Cite this as: BMJ 2015;350:h2902
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... For instance, psilocybinonly produced by one licenced pharmaceutical company in the UK, COMPASS Pathways PLCis priced at £100,000 per 1 g (Johnson, Garcia-Romeu, Cosimano, & Griffiths, 2014). Fourthly, given the social stigma surrounding the topic, most research depends on private sources of funding, which are a very unreliable and unstable source of income (Rucker, 2015). These hurdles increase the financial burden and consume valuable research time, becoming increasingly challenging the more restrictive the category. ...
... For instance, literature on LSD and psilocybin shows growth with periods of decay (Figures 2b and 4b). Research on these substances was on the rise during the 50s and 60s, but underwent an important recess in the 1970s (Figures 2b and d, 4a and b) after a series of sociopolitical events (Figure 1) (Lawrence et al., 2021;Rucker, 2015). Additionally, the literature on MDMA also exhibits growth with periods of decay. ...
... In the UK, the brewing industry sponsored anti-MDMA campaigns due to the negative impact it was having on their business (Carey, 1997). Given the instability and shortage of funding sources to study Schedule I compounds, the ban together with the unfavourable propaganda against MDMA impacted its research (Rucker, 2015). These limitations seem to explain the pattern of growth of the number of papers on MDMA per year, which increased through the 1980s and early 1990s, but stagnated and dropped after 1995 (Figures 2 and 4). ...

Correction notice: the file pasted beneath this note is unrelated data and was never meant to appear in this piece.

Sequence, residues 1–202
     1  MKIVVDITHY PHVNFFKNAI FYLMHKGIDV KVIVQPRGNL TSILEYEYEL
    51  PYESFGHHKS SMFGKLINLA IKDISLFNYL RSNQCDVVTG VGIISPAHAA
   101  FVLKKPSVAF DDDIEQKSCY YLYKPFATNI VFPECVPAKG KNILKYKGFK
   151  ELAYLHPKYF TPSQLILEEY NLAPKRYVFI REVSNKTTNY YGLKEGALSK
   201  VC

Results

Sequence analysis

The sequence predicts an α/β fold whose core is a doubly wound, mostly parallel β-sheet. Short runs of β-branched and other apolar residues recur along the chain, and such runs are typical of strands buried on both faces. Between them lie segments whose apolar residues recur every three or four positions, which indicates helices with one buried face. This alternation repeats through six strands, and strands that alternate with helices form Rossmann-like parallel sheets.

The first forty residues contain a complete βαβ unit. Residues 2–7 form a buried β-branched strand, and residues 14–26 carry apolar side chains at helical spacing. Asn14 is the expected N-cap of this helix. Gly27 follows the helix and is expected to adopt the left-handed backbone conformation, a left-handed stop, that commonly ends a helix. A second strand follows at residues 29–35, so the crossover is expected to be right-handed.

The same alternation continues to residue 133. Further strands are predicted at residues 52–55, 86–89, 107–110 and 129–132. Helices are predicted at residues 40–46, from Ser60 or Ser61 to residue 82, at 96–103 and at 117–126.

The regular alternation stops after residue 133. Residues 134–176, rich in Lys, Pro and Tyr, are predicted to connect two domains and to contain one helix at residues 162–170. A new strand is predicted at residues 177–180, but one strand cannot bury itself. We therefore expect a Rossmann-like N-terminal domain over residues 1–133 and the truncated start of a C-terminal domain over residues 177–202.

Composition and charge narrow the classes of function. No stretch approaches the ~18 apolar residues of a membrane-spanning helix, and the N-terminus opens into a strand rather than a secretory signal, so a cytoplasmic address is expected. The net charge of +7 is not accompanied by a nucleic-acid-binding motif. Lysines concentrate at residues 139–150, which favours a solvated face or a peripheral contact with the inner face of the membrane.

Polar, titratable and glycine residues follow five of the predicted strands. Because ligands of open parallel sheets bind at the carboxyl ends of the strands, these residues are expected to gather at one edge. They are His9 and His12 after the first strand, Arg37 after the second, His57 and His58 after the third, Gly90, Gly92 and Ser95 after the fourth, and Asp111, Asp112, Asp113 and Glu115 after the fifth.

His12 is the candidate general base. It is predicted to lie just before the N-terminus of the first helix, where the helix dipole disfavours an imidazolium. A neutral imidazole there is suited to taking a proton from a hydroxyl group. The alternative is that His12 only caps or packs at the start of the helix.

Although intended to avoid illicit drug use, national laws and international conventions have limited research on psychoactive drugs. To characterise the evolution of the literature on psychoactive drugs, a bibliometric study of 15 psychoactive drugs from 1960 to 2018 was conducted in which 956,703 academic publications were obtained from Web of Science. Growth patterns were analysed per drug type, legal status and country. Our results show the existence of heterogeneous patterns of growth for the publications of different psychoactive drugs. Strikingly, the literature on legal substances and depressants represented between 60% and 80% throughout the years. We found unexpected regional differences in the scientific output about the selected drugs, which might be explained by cultural and political phenomena. Governments and funding bodies should consider these results when allocating resources to research on psychoactive drugs to optimise the therapeutic applications of these compounds and our understanding of the nervous system.